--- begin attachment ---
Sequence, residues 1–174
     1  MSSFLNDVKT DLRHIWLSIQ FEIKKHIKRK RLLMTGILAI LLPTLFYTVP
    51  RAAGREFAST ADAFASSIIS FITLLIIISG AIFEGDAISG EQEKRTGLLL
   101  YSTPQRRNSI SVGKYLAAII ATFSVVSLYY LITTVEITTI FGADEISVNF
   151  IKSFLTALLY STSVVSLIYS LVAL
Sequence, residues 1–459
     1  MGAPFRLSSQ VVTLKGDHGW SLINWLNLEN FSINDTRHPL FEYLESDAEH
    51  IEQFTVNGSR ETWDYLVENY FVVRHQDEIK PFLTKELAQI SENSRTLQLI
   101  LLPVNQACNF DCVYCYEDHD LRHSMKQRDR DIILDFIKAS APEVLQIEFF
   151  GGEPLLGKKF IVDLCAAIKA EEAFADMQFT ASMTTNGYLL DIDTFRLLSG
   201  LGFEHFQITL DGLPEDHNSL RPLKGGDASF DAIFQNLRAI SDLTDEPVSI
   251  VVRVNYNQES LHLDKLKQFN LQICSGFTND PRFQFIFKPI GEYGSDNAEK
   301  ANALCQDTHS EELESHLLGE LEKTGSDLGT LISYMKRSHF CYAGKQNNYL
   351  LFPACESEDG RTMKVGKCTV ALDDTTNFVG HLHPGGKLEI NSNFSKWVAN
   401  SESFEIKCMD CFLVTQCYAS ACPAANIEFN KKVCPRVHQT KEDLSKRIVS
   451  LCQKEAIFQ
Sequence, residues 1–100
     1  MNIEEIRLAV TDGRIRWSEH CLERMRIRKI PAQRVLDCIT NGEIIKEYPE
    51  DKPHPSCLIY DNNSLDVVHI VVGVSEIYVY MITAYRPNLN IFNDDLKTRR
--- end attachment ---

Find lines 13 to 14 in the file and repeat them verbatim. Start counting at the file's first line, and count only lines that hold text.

   301  ANALCQDTHS EELESHLLGE LEKTGSDLGT LISYMKRSHF CYAGKQNNYL
   351  LFPACESEDG RTMKVGKCTV ALDDTTNFVG HLHPGGKLEI NSNFSKWVAN